How to Counter Loneliness: A Seattle Retiree's Advice

March 26, 2024 at 7:01 p.m.

I read an article about aging and loneliness in Business Insider, of all places. The article, by Ayelet Sheffey, boldly recounts a Seattle retiree's path to achieving happiness and countering loneliness... "It can work at any age and doesn't cost a penny."

Seattle retiree, 75-year-old Joe Lamy, offers his advice on combatting loneliness. "When it comes to happiness," said Joe, "it's not about money -- it's about relationships."

The article starts out with Joe at a Seattle Walgreens. While he waited in line, Joe watched the pharmacist prepare pill containers. Then, when he got to the counter and observed the pharmacist toss a stapled bag with the pill bottle in it eight feet into a box, Joe commented, "Good shot." The pharmacist replied, "Practice."

Joe said that this simple interaction shifted the course of his day. "It made me happy."

These types of "low stakes" relationships can help people feel more connected, even though you are interacting with people you may not know very well, or even at all except for the fleeting moment of your interaction. The article cites a John Hopkins study that found these low-stakes, brief interactions can help foster a sense of belonging.

There is increasing awareness that a sense of connectedness is all the more important as we age; loneliness can have significant impacts on health as we grow older. The author writes, "Over time, loneliness can damage a person's sleep schedule, immune system, heart health, and memory..."

A University of Michigan "National Poll on Healthy Aging" found that one in three older adults reported feeling isolated. Surgeon General Vivek Murthy has studied the loneliness crisis: "...our epidemic of loneliness and isolation has been an underappreciated public health crisis that has harmed individual and soietal health. Our relationships are a source of healing and well-being hiding in plain sight -- one that can help us live healthier, more fulfilled, and more productive lives."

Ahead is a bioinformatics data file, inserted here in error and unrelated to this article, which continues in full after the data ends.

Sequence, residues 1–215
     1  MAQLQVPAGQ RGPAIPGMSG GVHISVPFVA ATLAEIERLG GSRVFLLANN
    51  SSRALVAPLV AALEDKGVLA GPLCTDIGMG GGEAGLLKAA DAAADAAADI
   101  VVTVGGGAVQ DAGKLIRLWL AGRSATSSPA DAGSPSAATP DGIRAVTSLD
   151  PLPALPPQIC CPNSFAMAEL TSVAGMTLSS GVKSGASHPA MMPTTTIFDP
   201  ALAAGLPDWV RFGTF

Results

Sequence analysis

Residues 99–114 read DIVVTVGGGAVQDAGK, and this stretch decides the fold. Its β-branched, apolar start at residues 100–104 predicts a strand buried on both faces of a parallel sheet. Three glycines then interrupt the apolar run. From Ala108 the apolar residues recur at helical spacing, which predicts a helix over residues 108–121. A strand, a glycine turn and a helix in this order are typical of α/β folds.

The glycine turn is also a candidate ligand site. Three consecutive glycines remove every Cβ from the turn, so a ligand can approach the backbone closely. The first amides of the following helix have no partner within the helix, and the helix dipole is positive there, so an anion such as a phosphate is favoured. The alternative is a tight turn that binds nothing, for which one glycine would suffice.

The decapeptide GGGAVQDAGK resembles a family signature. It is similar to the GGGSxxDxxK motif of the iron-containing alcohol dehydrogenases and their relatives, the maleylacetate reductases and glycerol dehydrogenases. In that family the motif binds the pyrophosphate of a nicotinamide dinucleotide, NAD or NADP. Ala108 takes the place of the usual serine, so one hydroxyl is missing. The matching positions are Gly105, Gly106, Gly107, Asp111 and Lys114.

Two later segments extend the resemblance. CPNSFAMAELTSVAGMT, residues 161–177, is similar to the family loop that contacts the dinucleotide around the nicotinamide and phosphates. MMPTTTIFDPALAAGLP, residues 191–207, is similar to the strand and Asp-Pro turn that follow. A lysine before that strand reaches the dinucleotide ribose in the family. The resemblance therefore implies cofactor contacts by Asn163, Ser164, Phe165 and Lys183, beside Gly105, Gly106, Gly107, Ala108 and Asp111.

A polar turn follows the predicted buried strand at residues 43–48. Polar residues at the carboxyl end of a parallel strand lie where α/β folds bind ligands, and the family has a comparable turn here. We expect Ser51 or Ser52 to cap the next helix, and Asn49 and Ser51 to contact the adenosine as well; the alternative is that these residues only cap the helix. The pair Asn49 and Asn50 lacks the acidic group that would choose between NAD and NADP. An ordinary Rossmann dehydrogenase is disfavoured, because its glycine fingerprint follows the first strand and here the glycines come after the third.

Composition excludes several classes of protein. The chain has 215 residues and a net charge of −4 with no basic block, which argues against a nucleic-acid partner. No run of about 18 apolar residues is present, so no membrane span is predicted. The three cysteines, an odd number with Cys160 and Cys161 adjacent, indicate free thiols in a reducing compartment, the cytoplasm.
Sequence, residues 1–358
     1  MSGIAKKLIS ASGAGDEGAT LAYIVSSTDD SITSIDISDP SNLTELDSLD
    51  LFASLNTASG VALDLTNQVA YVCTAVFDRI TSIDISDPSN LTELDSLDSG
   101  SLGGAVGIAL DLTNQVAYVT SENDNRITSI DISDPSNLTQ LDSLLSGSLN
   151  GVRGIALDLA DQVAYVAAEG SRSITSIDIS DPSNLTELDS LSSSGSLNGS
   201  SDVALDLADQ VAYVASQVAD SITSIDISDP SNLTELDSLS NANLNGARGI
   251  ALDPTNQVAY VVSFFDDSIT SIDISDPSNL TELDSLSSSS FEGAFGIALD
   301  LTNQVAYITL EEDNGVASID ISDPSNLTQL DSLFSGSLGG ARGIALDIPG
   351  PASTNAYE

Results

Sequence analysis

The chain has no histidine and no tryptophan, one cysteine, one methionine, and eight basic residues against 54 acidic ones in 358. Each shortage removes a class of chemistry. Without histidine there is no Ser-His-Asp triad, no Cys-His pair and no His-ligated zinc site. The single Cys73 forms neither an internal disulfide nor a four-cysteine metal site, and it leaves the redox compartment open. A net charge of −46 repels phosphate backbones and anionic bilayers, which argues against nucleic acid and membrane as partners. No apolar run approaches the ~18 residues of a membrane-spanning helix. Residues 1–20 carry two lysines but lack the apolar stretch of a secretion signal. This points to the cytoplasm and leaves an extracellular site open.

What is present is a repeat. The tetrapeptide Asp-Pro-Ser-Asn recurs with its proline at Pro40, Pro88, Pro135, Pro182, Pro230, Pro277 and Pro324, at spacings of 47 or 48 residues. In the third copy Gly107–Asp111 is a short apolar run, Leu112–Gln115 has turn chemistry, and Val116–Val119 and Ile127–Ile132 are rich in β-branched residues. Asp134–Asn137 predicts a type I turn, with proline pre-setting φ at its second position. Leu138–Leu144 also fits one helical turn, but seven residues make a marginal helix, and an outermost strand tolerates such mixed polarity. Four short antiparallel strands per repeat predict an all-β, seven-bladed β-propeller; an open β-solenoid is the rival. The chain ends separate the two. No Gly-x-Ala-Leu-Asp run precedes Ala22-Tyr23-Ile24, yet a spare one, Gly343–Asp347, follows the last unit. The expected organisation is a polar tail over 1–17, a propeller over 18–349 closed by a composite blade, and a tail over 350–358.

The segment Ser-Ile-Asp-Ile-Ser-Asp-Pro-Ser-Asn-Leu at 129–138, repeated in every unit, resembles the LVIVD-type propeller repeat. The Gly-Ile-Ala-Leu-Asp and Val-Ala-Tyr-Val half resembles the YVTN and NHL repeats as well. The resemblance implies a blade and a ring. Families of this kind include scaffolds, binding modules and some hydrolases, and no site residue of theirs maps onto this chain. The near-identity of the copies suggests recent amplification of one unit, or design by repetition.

Back to Joe Lamy: After Joe retired, he found that he had fewer social interactions. The article reports that about a year ago he started a group at the West Seattle Senior Center where seniors can gather together simply to talk. "We have little moments that are actually more important in our joy than making 20 bucks," said Joe. "Not that money's not important. It just doesn't fill you up."

Joe feels fulfilled through his volunteer work at the senior center facilitating the meetings. While the meetings may start with a discussion topic, they often evolve into a free-flowing conversation. "When we had our first meeting, I asked them, 'How many of you have people you can talk to?' And only half the people raised their hand," said Joe. " just broke my heart."

Joe feels the meetings offer so much value to others that he now recruits facilitators to hold groups nationwide through AARP.

"It comes down to simple empathy and realizing that people really do need it," concluded Joe in the article. "And when you reach out and take the initiative to help someone who is in need, it sort of opened them up to begin to trust. It's a lifesaver."

Share this story!